The Trump administration on Tuesday announced its plans to transfer $271 million from agencies under the control of the US Department of Homeland Security, including the Federal Emergency Management Agency (FEMA), to fund more Immigrations Customs Enforcement (ICE) detention beds. The announcement came as a powerful new storm that is now Hurricane Dorian began moving toward Puerto Rico.
Following the storm reaching hurricane status Wednesday as it passed just east of Puerto Rico, the US state of Florida declared a state of emergency in anticipation of the hurricane striking later this week.
In his usual fashion, US President Donald Trump called Puerto Rico “one of the most corrupt places on Earth,” on Twitter Wednesday, also noting that Congress “approved billions of dollars last time” a hurricane struck the island but that it was all sent to “crooked politicians.” Just a day prior, Trump tweeted that Congress approved $92 billion for Puerto Rico last year after Hurricane Maria, a category 4 storm, devastated the island.
— Donald J. Trump (@realDonaldTrump) August 28, 2019
— Donald J. Trump (@realDonaldTrump) August 27, 2019
“Well, I think there’s a number of things going on there,” Santiago-Ortiz told hosts John Kiriakou and Brian Becker, noting “the inaccuracy of the amount of money that supposedly was allocated toward disaster relief in Puerto Rico.”
“It’s been disproved a number of times. We’ve actually received $14 billion. We have been approved for $42 billion but that has not been dispersed to this point; it has only been $14 billion. And also, Puerto Ricans, you know, have been very grateful for the aid and support for those who have worked to restore power and for the organizations that came and assisted in the recovery efforts to Maria by showing … by thanking people for coming, by cooking meals for those that have assisted,” Santiago-Ortiz said.
“On the other hand, we are aware of the reaction that Trump has had toward Puerto Rico so we are not particularly grateful about the words that he has said about Puerto Ricans,” she said.
Seized by the United States in 1898 during the Spanish-American War, Puerto Rico has been a US colony ever since, although it’s been extended a degree of political autonomy from Washington. However, in 2016, its financial autonomy was effectively revoked by the US Congress amid spiraling debt problems.
Puerto Rico’s existing power system is about 28 years older than the average US grid. When hurricanes Maria and Irma unleashed their wrath on Puerto Rico last September, the majority of the island was left without power for months. Puerto Ricans were fearful that Hurricane Dorian could have similar effects on the island’s electric grid, Santiago-Ortiz explained. Fortunately, only the island’s northeastern corner experienced tropical storm-force winds.
“FEMA has not given [Puerto Rico] all the aid that it [was] supposed to. So people are obviously living with the trauma of … Maria, which is completely understandable. At this point, there are still hundreds of families that are living with blue tarps that FEMA has denied assistance to for various technicalities, such as, ‘You were not in your home during Maria, so we will not give you aid.’ But, of course, people had to protect their own lives and evacuate their homes,” Santiago-Ortiz noted.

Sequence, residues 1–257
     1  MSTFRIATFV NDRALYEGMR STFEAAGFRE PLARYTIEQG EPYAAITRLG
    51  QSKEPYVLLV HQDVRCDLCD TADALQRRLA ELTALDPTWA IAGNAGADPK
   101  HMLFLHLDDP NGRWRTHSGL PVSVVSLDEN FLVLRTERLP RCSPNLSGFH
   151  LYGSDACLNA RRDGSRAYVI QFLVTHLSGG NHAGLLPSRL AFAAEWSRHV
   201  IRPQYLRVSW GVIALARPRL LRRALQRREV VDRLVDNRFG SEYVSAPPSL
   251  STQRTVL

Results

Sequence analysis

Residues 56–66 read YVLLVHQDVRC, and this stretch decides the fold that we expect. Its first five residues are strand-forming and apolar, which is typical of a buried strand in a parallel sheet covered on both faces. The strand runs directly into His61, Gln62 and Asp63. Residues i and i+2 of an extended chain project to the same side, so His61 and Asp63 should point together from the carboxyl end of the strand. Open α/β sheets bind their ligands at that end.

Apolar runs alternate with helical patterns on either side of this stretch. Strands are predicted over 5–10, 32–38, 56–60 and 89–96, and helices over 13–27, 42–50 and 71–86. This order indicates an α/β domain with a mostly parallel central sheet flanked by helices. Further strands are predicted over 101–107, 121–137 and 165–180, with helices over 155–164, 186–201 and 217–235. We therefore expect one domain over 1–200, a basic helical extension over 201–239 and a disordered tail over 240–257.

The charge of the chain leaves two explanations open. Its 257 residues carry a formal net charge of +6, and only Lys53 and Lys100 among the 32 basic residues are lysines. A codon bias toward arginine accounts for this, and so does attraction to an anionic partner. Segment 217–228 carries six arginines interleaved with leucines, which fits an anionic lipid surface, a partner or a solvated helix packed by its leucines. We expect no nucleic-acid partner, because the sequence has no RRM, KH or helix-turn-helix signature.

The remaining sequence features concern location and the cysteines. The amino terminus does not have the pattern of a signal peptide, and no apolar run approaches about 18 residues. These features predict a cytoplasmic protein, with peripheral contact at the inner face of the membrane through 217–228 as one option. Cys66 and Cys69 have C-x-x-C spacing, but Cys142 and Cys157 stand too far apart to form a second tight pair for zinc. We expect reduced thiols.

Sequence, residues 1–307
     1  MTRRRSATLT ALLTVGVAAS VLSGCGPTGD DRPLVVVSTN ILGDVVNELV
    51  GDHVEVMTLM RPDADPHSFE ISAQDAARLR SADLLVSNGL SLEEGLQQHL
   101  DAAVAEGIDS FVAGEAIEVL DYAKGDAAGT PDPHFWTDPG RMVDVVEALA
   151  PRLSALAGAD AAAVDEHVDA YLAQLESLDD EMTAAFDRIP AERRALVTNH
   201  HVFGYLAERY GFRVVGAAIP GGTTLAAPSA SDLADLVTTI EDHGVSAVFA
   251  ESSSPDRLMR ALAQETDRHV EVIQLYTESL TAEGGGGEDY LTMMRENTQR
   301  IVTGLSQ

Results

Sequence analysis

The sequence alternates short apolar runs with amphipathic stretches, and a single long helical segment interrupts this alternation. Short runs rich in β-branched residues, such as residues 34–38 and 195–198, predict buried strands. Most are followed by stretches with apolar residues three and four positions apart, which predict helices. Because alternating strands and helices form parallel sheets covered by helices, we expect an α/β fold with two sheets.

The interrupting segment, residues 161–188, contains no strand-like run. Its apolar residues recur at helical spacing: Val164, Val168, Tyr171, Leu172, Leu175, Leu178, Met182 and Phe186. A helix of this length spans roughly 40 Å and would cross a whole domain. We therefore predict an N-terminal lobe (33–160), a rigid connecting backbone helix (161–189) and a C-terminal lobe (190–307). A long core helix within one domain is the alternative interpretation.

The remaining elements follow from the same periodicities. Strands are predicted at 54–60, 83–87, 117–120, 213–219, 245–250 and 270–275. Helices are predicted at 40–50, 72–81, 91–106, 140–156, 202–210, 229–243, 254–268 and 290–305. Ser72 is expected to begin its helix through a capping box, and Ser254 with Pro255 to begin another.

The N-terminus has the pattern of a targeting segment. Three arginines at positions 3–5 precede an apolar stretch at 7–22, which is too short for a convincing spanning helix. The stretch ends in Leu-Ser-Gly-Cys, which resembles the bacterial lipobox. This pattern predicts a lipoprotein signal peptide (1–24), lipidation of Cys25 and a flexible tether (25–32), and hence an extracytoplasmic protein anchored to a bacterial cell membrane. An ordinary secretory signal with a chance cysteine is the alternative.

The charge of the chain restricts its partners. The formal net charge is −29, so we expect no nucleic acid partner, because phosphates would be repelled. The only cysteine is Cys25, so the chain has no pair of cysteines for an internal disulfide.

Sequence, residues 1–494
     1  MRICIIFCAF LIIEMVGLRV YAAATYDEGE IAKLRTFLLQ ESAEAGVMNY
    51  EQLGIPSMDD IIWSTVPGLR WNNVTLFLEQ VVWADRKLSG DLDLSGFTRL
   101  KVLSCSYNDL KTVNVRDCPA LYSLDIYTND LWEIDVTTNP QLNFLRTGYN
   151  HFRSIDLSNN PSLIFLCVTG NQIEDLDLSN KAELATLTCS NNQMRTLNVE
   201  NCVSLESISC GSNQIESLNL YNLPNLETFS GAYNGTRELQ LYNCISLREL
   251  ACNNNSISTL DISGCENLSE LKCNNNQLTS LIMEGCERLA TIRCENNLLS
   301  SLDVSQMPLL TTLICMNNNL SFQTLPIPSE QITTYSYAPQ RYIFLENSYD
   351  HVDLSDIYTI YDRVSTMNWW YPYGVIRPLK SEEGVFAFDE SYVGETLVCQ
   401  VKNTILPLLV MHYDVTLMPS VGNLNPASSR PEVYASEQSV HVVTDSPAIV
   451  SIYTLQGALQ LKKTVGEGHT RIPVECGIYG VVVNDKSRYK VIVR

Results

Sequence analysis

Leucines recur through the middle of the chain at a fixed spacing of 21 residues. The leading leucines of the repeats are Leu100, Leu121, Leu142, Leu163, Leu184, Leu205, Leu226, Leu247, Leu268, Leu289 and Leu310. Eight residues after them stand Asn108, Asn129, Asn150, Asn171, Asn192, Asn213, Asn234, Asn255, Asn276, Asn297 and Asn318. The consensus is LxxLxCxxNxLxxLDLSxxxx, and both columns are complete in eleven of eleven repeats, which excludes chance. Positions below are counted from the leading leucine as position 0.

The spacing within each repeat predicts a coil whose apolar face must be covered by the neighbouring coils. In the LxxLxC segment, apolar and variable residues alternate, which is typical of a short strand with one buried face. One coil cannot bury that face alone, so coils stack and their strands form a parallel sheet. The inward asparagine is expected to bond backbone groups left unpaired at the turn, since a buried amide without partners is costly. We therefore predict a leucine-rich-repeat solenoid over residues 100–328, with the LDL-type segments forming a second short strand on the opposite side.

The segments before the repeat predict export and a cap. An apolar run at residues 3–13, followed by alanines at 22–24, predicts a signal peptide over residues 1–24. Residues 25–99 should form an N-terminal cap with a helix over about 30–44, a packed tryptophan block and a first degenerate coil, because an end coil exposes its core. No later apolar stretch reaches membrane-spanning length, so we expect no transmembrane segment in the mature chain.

“So, I don't think that the assistance for Maria what it is supposed to be,” she said. “I don’t think it’s going to be given in the proper way in this case. Actually, as we speak, the tropical storm has already made landfall in two of the island’s municipalities … which have been left in a vulnerable state after Maria and which are still recovering. More than half of their generators are not functioning.”
“So, as we see, the whole archipelago is in a very vulnerable state right now … We have already had power outages, at least in the northern central part of Puerto Rico. The power has been restored but it is not consistent,” Santiago-Ortiz continued.
“People [in Puerto Rico] have been getting ready for the past few days for the storm. So, people are still kind of traumatized. Water has run out of [some] supermarkets … so people are still very much marked by the experience of Maria … I heard other people talking about not being able to get gasoline because it had run out. So I think people are on high alert. People are worried about things like power, things about not having [access to] ATM machines to get cash. It’s not so much the nature of the environmental effects but the aftermath of what happens and seeing the lack of response from the local and federal government has people in self-organizing mode,” Santiago-Ortiz explained.
Florida Governor Ron DeSantis on Wednesday issued a state of emergency for 26 counties regarding the projected arrival of Hurricane Dorian on the state's eastern coast later this weekend. Weather reports suggest the cyclone could reach Category 3 strength by the time it reaches the state on Sunday, according to the National Hurricane Center.
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